Forex Blog: Currency Trading News & Analysis.

April 1st 2010

Forget about Greece: What about the US, Japan, and the UK?

Forget about Greece: What about the US, Japan, and the UK? Almost 75% of trading in the forex markets involves some combination of the US Dollar, Euro, Japanese Yen, and British Pound. This figure rises to more than 95% when you include trading in which at least one of the currencies (as opposed to both) is one of the aforementioned. In short, these four currencies are by far the most important in forex markets, and most patterns/narratives in forex markets tend to involve them.
FX Most traded currencies
It’s simple supply and demand, really. These currencies are the most heavily traded because their economies are the largest and their capital markets are the deepest and most liquid. [The absence of the Chinese Yuan from this list can be explained by the lack of flexibility in its capital controls and exchange rate regime]. When investors flee one of these major currencies, they tend towards one of the others, and vice versa.

This phenomenon has especial relevance in the realm of sovereign debt. While some investors would love no more than to move their capital from the four debt-ridden currencies above, there just isn’t enough supply of alternative currencies to absorb the outflow. The Swiss Franc, Australian Dollar, and Canadian Dollar (#5, 6, & 7 on the list of most traded currencies), for example, have all surged over the last year as investors have looked for stable and liquid alternatives to what can be dubbed the Big-4 currencies. While these currencies still have some room for appreciation, they can’t continue to rise forever. For better or worse, then, the most useful comparison when it comes to to sovereign debt is not between the Big-4 and everything else (aka the major currencies and the emerging market currencies), but rather between the Big-4 themselves.

Forgive me for this long-winded introduction, but I think it’s important to understand the usefulness of comparing Japan with the US with the EU with the UK when all of these economies have terrible fiscal problems, and why we can’t just compare them to fiscally sound economies. With that being said, let the comparison commence!

Most of the fallout from the sovereign debt crisis has affected the EU and the Euro. This is for good reason, since the focal point of the crisis is a member of the Euro (Greece), and several other Eurozone countries are on the periphery. I addressed the EU in a previous post (EU Debt Crisis: Perception is Reality), so I think it makes sense to focus on the others here.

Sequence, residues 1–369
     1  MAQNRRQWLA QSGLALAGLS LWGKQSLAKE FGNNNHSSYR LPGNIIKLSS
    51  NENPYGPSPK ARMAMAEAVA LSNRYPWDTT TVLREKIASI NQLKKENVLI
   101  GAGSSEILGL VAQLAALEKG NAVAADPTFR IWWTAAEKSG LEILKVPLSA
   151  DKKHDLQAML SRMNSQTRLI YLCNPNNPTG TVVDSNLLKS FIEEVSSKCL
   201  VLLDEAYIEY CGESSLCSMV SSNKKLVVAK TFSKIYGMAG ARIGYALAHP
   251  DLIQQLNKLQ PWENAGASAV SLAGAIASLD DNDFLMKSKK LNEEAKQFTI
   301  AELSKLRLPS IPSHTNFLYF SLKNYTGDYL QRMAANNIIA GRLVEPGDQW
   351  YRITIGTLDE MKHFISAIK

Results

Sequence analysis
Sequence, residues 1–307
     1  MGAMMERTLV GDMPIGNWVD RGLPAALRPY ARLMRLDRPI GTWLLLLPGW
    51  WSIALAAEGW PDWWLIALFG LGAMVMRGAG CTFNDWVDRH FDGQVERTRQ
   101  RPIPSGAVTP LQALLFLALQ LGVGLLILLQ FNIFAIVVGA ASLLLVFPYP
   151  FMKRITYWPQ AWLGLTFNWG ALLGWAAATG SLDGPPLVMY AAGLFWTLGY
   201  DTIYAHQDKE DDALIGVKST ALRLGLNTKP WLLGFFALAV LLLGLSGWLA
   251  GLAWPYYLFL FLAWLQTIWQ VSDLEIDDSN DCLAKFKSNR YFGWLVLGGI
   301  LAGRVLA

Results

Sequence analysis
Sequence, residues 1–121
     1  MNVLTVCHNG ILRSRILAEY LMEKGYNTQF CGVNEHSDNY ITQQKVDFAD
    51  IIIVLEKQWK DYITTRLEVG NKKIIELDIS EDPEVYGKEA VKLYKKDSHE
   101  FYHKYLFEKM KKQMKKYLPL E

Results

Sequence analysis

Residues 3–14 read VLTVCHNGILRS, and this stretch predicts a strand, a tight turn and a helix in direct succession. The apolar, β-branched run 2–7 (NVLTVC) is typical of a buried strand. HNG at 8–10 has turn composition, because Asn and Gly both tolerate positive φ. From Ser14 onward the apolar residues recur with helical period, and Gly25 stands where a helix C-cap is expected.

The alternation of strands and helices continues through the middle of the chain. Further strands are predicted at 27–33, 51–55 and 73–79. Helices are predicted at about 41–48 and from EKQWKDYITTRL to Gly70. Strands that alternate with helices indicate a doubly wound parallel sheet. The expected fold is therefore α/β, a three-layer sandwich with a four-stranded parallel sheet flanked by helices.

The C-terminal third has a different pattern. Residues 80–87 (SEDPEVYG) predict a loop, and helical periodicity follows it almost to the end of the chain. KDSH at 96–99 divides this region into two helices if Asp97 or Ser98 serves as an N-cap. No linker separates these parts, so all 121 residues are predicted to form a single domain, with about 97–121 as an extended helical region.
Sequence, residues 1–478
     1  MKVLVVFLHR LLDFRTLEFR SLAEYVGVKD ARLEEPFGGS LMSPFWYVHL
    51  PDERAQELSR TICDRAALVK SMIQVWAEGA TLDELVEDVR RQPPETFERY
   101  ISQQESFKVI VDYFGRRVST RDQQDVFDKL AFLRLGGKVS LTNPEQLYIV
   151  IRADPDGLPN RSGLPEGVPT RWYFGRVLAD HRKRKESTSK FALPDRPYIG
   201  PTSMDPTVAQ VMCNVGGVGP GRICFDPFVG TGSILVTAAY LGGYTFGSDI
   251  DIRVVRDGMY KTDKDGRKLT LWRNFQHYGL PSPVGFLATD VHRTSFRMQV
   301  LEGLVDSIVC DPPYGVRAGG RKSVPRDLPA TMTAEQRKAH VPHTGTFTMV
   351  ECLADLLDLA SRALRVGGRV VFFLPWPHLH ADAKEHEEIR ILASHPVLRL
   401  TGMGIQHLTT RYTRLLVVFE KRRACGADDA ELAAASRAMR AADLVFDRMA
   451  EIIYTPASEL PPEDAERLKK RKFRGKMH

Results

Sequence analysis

In terms of debt sustainability, the UK is not far behind Greece. “The flood of British debt is likely to ‘lead to inflationary conditions and a depreciating currency,’ lowering the return on bonds. ‘If that view becomes consensus, then at some point the UK may fail to attain escape velocity from its debt trap,’ ” explained one analyst. With high budget deficits projected for at least the next five years,  the Bank of England no longer buying UK bonds, and the possibility that the ucoming elections could produce political stalemate, the fiscal position of the UK can only deteriorate. On the plus side, the average maturity for UK bonds is 13.7 years, twice the OECD average, which means that it could be more than a decade, before Britain really begins to feel the squeeze.

debt sustainability chart
Japan might not be so lucky. Its net debt already exceeds 100% of GDP and its gross debt is approximately 200% of GDP; both are the highest in the OECD. Meanwhile, the average maturity of its debt is only five years, so there isn’t a lot of time to act. According to analysts, the crisis would most likely assume the following form: “ ‘A surge in yields would lead to a combination of extreme fiscal contraction, through tax increases and welfare cuts’…as well as to even more monetary expansion, perhaps less central bank independence and ‘presumably a much weaker exchange rate.’ ” In the case of Japan, the mitigating factor is that 90% of government debt is held domestically. Therefore, Japan isn’t vulnerable to the whims of foreign creditors, and an outright default is unlikely.

Then, there is the US. Its Trillion Dollar budget deficits, and multi-Trillion Dollar national debt and entitlement obligations are the highest in the world in nominal terms. On the other hand, the US government has not really encountered any difficulty in financing its spending. Political opposition is fierce, but investors have lined up to buy Treasury bonds and record low yields. This will likely change as the Fed curtails its purchases, and the economic recovery gives rise to higher interest rates. Analysts expect that borrowing costs (i.e. Treasury yields) could rise more than 1.5% by the end of 2010.

From the standpoint of markets, its impossible to say which economy’s fiscal problems are the most serious, since sovereign debt yields have declined across-the-board over the last 20 years. One Professor of Finance explains this trend as follows: “Behavioral factors keep many bond traders and investors from recognizing the reality of the situation…since there is no well-defined crisis point.” In other words, the crisis in Greece is only a test run. The real one could come in a few years, and involve a much larger economy. At that point, currency traders will have to decide who to back.

Sovereign Debt Bond Yields 1990-2010 US Japan Germany UK

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Posted by Adam Kritzer | in Major Currencies, News, Politics & Policy | No Comments »

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